In the course of this report, it will show the comparison of the ethical aspect of two well-known corporate giants, Enron and Bernie Madoff. The first subject Bernard Lawrence “Bernie” Madoff, Broker, Investment guru, Financier. Once herald as a financial king, he in his reign overnight turned white collar criminal, which led to a quick and easy demise. Second, Enron Corporation, known for energy and commodities, services, and well known for being a major player in the electricity and natural gas, and communication, pulp and paper company, crumbled to its knees into bankruptcy in the early 2000s.
The question is, at the height of both these two companies, what went wrong. Where was the ethical breakdown? The who, what when and the why will be the focus of this report. Bernie Madoff, former chair of NASDAQ, started his parent company on Wall Street Bernie L. Madoff Investment Securities LLC, 1960 it was as the top of its game-bypassing firms who were specialist in the field of finance. Hijacked by Madoff’s firm with their signature OTC…Over the Counter orders with brokers.
The company employed family and close friends that comprised of his brother Peter, Managing Director, his niece (peter’s daughter) Shana Madoff, compliance officer and attorney, and his two son’s Mark and Andrew. It was told by Madoff’s sons that their father made damaging statements, and confessed to them that the business was a lie, that it was a Ponzi scheme from the beginning, which led Federal agents to arrest Madoff, and all those involved. Madoff told authorities that the scheme began in 1990, but according to the FBI, it was started early as the 1970s.
It has been reported that Madoff’s trial of deceit led his scheme to accumulate as much as $65 billion, with a reported estimate loss to investor of $18 billion. “Reports of ethical violations by upper level managers continue to multiply despite increasing attention being given to ethics by firms and business schools. Much of the analysis of these violations focus on either these manager’s lack of operation principles or their willingness to abandon principles in the face of competitive pressures” (Ludwig, 1993). Enron Corporation is the second in this detailed report of the fall of power.
Traded on the NYSE: ENE, and based in Huston, Texas was an energy, commodities, and services company. For six consecutive years, Enron was named by Fortune Magazine as “America’s Pioneering Business”, with claimed revenues of $101 billion in the year 2000. What do most companies base their ethics upon; Enron’s code was one of Respect, Integrity, Communication and Excellence, described as treating others as they would be treated. Apparently they did not abide by that one in particular because as we go through this report, it will soon show the where the breakdown began.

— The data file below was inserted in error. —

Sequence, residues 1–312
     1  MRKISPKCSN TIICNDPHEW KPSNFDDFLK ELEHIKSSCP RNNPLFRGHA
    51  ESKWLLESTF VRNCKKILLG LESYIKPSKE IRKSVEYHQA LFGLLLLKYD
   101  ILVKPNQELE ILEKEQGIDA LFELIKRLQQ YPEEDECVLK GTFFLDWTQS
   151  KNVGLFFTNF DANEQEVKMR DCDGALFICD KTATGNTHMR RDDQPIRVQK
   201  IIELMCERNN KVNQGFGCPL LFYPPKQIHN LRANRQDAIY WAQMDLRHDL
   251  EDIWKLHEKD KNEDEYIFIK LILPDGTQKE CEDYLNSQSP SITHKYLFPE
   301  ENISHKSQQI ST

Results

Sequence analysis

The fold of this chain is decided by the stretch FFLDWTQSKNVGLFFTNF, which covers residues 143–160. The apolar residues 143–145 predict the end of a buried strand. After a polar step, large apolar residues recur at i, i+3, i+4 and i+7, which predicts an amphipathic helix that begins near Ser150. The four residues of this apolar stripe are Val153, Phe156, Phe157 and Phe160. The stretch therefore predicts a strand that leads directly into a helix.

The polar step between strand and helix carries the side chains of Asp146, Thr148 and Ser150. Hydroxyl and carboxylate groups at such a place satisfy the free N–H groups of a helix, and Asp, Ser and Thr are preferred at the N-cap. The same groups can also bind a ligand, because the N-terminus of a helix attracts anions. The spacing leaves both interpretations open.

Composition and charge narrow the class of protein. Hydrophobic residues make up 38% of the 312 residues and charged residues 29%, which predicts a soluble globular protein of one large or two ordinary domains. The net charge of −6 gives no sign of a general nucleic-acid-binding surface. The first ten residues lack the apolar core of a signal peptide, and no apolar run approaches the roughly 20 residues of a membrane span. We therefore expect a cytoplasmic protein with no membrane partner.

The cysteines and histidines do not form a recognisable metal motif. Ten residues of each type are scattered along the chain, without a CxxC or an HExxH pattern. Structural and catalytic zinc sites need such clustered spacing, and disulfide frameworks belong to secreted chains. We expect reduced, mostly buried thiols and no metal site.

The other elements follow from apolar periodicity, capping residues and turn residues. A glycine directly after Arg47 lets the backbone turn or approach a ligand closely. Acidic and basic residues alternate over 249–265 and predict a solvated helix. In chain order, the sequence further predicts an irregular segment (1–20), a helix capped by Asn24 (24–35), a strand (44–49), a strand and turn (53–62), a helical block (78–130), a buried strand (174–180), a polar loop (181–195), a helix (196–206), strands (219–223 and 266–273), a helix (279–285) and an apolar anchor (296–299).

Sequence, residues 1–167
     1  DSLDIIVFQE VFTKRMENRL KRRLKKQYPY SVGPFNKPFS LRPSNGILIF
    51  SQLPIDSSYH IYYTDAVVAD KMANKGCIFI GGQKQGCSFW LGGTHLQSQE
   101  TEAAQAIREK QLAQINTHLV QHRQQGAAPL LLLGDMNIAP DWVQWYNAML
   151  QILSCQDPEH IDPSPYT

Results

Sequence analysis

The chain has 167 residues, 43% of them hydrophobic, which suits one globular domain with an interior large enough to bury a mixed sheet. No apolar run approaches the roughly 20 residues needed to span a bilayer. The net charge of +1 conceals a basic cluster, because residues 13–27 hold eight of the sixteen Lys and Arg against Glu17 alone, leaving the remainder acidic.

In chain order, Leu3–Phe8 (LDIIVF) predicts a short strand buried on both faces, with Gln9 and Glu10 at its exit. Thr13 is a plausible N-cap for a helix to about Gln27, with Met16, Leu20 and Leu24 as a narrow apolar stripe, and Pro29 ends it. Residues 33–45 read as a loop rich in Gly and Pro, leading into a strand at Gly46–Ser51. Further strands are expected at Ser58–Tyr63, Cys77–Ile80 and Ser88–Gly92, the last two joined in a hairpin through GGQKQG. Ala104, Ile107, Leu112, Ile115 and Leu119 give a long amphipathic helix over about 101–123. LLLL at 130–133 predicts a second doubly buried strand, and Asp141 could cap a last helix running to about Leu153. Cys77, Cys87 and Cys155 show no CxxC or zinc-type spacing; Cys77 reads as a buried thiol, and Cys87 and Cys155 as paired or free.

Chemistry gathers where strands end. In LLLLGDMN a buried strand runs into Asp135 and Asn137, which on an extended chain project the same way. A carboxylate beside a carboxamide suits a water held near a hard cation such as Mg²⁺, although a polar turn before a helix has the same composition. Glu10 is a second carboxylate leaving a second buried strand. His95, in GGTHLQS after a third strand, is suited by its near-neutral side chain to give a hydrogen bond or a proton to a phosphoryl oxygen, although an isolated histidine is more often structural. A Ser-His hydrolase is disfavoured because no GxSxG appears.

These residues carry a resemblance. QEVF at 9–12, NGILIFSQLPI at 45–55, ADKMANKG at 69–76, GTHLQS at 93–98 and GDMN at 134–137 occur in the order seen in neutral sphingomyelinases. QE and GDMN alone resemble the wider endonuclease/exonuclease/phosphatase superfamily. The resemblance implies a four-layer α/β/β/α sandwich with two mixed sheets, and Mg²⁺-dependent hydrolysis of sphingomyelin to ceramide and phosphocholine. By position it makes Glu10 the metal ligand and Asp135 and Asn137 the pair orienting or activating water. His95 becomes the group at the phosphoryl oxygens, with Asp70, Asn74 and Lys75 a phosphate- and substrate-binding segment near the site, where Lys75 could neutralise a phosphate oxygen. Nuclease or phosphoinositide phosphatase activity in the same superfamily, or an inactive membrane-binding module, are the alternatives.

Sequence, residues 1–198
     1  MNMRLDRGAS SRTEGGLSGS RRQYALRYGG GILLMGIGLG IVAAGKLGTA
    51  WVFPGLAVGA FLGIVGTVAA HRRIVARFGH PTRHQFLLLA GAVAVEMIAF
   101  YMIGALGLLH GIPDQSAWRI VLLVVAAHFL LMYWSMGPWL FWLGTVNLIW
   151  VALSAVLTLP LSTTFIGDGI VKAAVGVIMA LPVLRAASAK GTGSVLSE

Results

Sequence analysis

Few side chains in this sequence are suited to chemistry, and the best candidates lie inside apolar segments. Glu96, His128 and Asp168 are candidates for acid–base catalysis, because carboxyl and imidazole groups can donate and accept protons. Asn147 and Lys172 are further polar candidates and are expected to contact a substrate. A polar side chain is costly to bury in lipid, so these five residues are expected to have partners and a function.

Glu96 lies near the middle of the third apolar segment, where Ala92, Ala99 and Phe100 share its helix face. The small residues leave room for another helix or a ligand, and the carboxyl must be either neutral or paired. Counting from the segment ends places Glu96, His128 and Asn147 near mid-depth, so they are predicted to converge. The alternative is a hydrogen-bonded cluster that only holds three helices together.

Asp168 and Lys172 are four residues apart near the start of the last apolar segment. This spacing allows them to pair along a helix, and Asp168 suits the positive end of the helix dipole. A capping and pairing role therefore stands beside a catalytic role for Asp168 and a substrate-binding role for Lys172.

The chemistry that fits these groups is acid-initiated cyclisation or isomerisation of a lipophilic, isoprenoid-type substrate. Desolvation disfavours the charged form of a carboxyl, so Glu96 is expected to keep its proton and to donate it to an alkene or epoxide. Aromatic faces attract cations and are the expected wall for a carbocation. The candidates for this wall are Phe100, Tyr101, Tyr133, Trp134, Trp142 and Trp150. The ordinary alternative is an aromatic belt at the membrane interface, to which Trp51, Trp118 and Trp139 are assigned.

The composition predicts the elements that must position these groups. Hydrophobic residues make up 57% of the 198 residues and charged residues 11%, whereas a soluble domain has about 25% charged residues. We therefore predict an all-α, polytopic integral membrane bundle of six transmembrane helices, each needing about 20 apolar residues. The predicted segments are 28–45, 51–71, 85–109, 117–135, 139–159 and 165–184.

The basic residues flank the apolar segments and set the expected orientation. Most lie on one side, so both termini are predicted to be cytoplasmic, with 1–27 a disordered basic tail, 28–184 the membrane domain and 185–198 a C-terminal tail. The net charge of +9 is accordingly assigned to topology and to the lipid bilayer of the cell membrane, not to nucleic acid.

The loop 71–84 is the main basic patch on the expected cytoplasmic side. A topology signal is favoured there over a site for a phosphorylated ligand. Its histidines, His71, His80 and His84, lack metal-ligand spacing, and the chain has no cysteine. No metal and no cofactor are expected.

Integrity, working along with customers through honesty, Communication, obligated to interconnect with one another, Excellence, Not accepting anything less than the best in all that we do. These are just a few statements from Enron’s code of Ethics handbook. Given this code along with the assurance to professional ethics, it causes one to ponder these questions. How could a company dramatically collapse with reported revenues of $101 billion? With an increase the first, three quarters in 2001, falling into major bankruptcy in December of that same year.
Could it be that the answer to these questions is a failure of the top leadership, a corporate culture caused the demise in its ethical beliefs along with the complicity of investors and the financial institutions? Enron’s corporate culture is described as having an appearance of arrogance that caused the public to trust that they could handle the risk without stumbling upon any danger to the company and to investors. This type of thought would make one not to sleep at night, but the implicit message from Enron was make the numbers, if you are caught stealing or cheating, ask for another chance, you may get one.
You can see that Enron did not do anything to promote integrity nor respect; it was undermined by the company’s emphasis on reorganization, presentation, reparation and its considerations. To conclude, the answer as to why CEO’s have bilked their companies and investors out of billions of dollars and brought a collapse of hundreds of corporate giants, it is because unethical and criminal behavior is the morals by which they do what they have done are doing, even as this report is being written.
An epidemic could explode and if nothing is done about it…then the American system of High Finance and Big Business will crumble to a screeching Holt and affect this country’s economy…. God forbid. “Destructive leaders can cause hardship not only to immediate followers, but to the broader population. For example when a large company struggles financially, it is not only employees, but customers, suppliers, and shareholders that are negatively affected. The cognitive processes employed by the leader play a large role in how he or she gathers information, interprets it, and makes decisions toward a course of action (L. Eubanks, 2010).